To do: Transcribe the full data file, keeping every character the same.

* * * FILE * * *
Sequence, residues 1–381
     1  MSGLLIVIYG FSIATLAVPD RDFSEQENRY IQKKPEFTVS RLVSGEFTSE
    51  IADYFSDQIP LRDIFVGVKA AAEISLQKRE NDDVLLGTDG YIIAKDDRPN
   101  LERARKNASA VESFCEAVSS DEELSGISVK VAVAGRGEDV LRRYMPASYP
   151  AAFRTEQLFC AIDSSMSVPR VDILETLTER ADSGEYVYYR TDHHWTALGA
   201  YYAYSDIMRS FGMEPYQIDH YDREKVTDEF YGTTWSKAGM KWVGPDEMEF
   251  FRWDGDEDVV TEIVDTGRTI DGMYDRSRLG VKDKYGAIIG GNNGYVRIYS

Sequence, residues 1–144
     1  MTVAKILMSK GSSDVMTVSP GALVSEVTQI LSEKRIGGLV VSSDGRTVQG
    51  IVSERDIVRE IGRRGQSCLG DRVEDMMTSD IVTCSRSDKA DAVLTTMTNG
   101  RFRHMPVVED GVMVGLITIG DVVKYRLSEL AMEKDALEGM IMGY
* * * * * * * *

Sequence, residues 1–381
     1  MSGLLIVIYG FSIATLAVPD RDFSEQENRY IQKKPEFTVS RLVSGEFTSE
    51  IADYFSDQIP LRDIFVGVKA AAEISLQKRE NDDVLLGTDG YIIAKDDRPN
   101  LERARKNASA VESFCEAVSS DEELSGISVK VAVAGRGEDV LRRYMPASYP
   151  AAFRTEQLFC AIDSSMSVPR VDILETLTER ADSGEYVYYR TDHHWTALGA
   201  YYAYSDIMRS FGMEPYQIDH YDREKVTDEF YGTTWSKAGM KWVGPDEMEF
   251  FRWDGDEDVV TEIVDTGRTI DGMYDRSRLG VKDKYGAIIG GNNGYVRIYS

Sequence, residues 1–144
     1  MTVAKILMSK GSSDVMTVSP GALVSEVTQI LSEKRIGGLV VSSDGRTVQG
    51  IVSERDIVRE IGRRGQSCLG DRVEDMMTSD IVTCSRSDKA DAVLTTMTNG
   101  RFRHMPVVED GVMVGLITIG DVVKYRLSEL AMEKDALEGM IMGY